Dr. Ness: My word: Don't eat the oysters that are sold in the flat bottles. Best to eat the oysters direct from the shell (after it's been cooked), at least you know how clean your hands are! And don't eat the oysters on an empty stomach. I did that once and I vow never to do it again.

Oysters? Now, how about alcohol? Do you drink occasionally or are you on the verge of being termed an alcoholic?
Dr.Dorothy: .....more often than not, as long as I am not on duty, I am out --- on a "gimmick!" Of course, associated with that kind of lifestyle are the unhealthy activities that come with it – sleepless nights, drinking, smoking, drinking, eating fatty greasy food, and more drinking! (I was drinking alcohol like a fish! … Wednesdays in Greenbelt, Thursdays in Yaku, Fridays in Ponti and Saturdays in Capones! Haaaay. Those were the days…)

Can you tell us why as doctors you sometimes do not follow your own rules?
Bubbleman: In medical school I saw that doctors are not any different from the ordinary person. Having an M.D. does not place you on a moral high ground, nor does it enable you to preach.

Doc Louell: (just between you-and-me, ok?)I know a lot of diabetic internists who are still fond of pastries and a bunch of surgeons who can't seem to control their drinking spree.

That's it?!? You're saying that since you are no different from us, you can also commit the same mistakes? But you're all doctors! We look up to you as role-models. What can we learn from you?
Prudence,M.D.: My point is this: being able to follow one’s own preaching doesn’t necessarily mean that one is a better doctor. I think these all boil down to one word, CHOICES.

PDI: Now, the other big reason why we don't practice what we preach is that the medical profession is a TOXIC profession, the only profession that directly and mainly deals with something that is as sacred as life. I think it's life itself. Hehehe.

Bubbleman: If I'm not able to follow my own advice, I don't use the authoritative tone that we are expected to utilize in "educating" (or, more appropriately, scaring) our patients. I change into citation mode.

BoneMD: Sticking it out with "practicing what I preach" creates a "positive" impact on my patients and practice. But we all knew that, of course. In a provincial setting and in a community so keen on nitpicking physicians for their lifestyles, vices, and personal lives, I have to be on my toes always. Or I'll lose my job.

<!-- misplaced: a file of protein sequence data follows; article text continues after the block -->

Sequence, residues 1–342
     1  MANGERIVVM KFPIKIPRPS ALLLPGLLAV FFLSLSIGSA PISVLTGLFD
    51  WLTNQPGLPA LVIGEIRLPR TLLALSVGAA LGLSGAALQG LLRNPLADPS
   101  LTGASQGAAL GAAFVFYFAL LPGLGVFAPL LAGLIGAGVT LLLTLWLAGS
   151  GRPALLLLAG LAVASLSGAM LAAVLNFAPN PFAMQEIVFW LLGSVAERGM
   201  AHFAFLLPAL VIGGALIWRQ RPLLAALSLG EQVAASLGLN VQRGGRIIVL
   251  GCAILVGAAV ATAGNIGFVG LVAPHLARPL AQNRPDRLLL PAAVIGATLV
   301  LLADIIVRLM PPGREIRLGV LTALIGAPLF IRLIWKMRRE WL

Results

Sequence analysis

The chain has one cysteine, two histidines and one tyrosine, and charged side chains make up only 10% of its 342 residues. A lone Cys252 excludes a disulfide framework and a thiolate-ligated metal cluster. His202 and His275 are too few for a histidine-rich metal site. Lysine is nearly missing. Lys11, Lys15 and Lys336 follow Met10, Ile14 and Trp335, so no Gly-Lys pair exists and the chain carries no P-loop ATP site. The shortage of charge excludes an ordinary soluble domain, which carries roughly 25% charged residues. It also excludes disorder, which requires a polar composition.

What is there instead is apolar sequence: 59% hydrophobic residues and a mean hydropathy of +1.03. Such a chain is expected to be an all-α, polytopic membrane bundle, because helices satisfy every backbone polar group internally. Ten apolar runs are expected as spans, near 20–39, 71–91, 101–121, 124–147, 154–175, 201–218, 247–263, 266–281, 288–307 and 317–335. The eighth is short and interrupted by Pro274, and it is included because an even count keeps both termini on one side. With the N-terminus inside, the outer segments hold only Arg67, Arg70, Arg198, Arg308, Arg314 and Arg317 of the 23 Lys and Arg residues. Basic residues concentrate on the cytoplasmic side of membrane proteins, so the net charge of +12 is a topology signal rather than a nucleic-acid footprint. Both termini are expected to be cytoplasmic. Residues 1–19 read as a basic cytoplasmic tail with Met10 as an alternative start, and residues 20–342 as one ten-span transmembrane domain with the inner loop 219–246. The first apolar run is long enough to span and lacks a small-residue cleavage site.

Dr. Em Dy: You all need to read the lessons under my Stress Management 101!

Martin Bautista, MD: If we should preach any particular message, it is that we neither live nor die for ourselves alone.

Joey MD: Maybe you should all try to take this "quiz" I made. It might help you decide what to do. Tell me what scores you got, ok?

Dr.Tes: Oh, give us a break!! Do we practice what we preach? I challenge you to tell me the answer yourselves by looking at these pictures.


Ok. Time is up! That concludes our blog rounds this week. I hope everyone now sees that doctors are human, too. We have our own set of flaws, and we get tempted too, as often as anyone else. Our medical degrees and licenses do not exempt us from "sinning." Far from it.

When we give our medical advice to patients to reform their unhealthy habits, we say that because we want to help them realize that there is an answer to THEIR ailments and there is a solution to THEIR medical problems. The keyword is "their," because as any well-meaning 'preacher' knows, it is easier to dish out great advice to other people. Following one's advice, however, is another story. Besides, doctors are sought not because we are paragons of healthy living (of course, we all wish we can be!), but because we are sworn to do so.